The Jagged Path

                                     At 30,000 feet, coming home from St. Louis

You’ve heard the phrase:  going from Point A to Point B.   For humans, the path of choice is always a straight line.  It’s the quickest, after all.  The most efficient.  It expends the least energy, and allows you to move on to the “next thing” on your list.

Right.  The excruciating reality of life is that the straight line between Point A and Point B only happens in geometry homework and highways in Nevada and the Nullarbor Plain in Australia (one stretch of road has no curves for 87 miles).   And so the desire of doing something quickly and effectively is clobbered by the cold hard fact that life doesn’t work that way.

I mean this literally.  The act of life, whether it is manifested in a tree or a river, does not do straight lines.  Life is organic.  It meanders.

I heard a woman the other day say something that really stood out to me.  She said that we can’t force our business into a mold.  Because the marketplace will know we are trying on someone else’s clothes.  That we need to find our own voice, and make our own way in an organic fashion.   True success, she repeated, is organic.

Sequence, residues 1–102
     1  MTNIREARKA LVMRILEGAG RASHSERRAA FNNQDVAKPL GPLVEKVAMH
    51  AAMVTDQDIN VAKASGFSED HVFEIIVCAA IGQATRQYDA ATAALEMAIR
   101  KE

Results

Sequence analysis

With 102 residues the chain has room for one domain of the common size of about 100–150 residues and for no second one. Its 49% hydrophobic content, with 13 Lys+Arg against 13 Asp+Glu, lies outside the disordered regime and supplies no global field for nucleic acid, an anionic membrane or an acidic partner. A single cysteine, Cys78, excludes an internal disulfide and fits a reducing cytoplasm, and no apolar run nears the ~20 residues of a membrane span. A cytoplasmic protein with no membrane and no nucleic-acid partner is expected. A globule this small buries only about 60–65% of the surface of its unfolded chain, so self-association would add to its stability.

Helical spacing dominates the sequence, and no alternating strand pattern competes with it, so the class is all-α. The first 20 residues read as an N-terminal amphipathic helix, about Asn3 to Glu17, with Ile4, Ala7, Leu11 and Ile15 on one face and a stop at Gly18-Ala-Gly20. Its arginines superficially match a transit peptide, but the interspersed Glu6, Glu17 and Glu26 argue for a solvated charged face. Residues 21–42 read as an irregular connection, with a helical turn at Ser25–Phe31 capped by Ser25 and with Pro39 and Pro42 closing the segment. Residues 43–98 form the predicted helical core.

Writing this post is another step in fully believing and processing this fact.  It comes on the heels of having a conversation with the man responsible for starting Camp Okizu, Dr. Mike Amylon.  He is a family friend, and I’ve had many conversations with him over the course of 20 years.  Mike, with the prestige of his position at Packard Children’s Hospital at Stanford as a pediatric hem/onc, wanted to start a summer camp for families who were dealing with childhood cancer.  Maybe the child with cancer.  Maybe the sibling.  Maybe the whole family.

What he thought would be an easy sell to the oncology community turned out to be harder than he could ever imagine.  You see, many offices didn’t want to even have Okizu brochures in their waiting rooms, because then they would have to talk to patients about the tricky and poignant issues that arise from a cancer diagnosis in the family.   And precious few oncologists knew what to say on this topic at the time.

His idea, bubbling up organically from the work he did, was new.  He was forging his own path.  And he, like every other entrepreneur with an idea, had to hack his way through the deep brush to get there.

Today, 30 years later, Okizu stands ready to welcome yet another summer filled with humans trying to wend their way from Point A to Point B and have some fun while doing it.

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